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the fact that -- that hillary clinton is still sort of stuck on that, which i'm not saying it's not important. it is important to know where a presidential candidate stands on very important issues, but she's -- she's missing the -- the point of the trump candidacy which is -- >> how do you mean? how do you mean? >> which is these voters don't care about experience. they had the most talented republican field with the most experience and the most detailed policy plans in modern history, and they were -- they actively rejected that? >> she said they were full founded. >> in order to support somebody who -- they went with their emotion, support somebody who they thought would come and be different and by hillary clinton saying over and over again he doesn't have the experience, he's a loose cannon, that might be true, again, but she's appealing to the voters' heads and what donald trump has been so successful in. >> appealing to their hearts.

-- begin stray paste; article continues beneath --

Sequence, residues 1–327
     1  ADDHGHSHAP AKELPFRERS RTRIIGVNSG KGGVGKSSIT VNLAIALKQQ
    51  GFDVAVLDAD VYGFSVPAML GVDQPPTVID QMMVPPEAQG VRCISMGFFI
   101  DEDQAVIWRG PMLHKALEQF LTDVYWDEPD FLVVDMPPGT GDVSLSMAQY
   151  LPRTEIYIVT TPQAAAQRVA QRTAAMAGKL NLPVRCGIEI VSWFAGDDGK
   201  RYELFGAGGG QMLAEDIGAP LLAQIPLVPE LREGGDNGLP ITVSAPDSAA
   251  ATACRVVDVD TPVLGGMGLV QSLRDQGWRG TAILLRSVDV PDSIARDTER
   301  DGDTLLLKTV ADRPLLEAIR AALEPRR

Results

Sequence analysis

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>> appealing to their hearts and appealing to the people who are again aggressively and actively rejecting somebody with the kind of experience that she's proposing. >> i know you've asked the tough questions. i don't want to be on the other side of you, dana bash. >> gloria borger. >> always have. just want to say to build on what dana is saying, you know, in hearing her talk about the issues and putting meat on the bones and all the rest. >> yeah. >> you know, it's very much reminiscent of jeb bush. >> that's true. >> jeb bush kept saying during the campaign you guys have to ask him the tough questions. he needs to tell you where he stands on the issues, et cetera, et cetera, et cetera, and where did that get jeb bush? and, again, it's not like we haven't asked it. it's just that he doesn't answer and his supporters are not supporting him because of his particular position on trade or his particular position on china. that's not why they are supporting him. >> so then how does the conversation change, van jones? >> well, look, i think a couple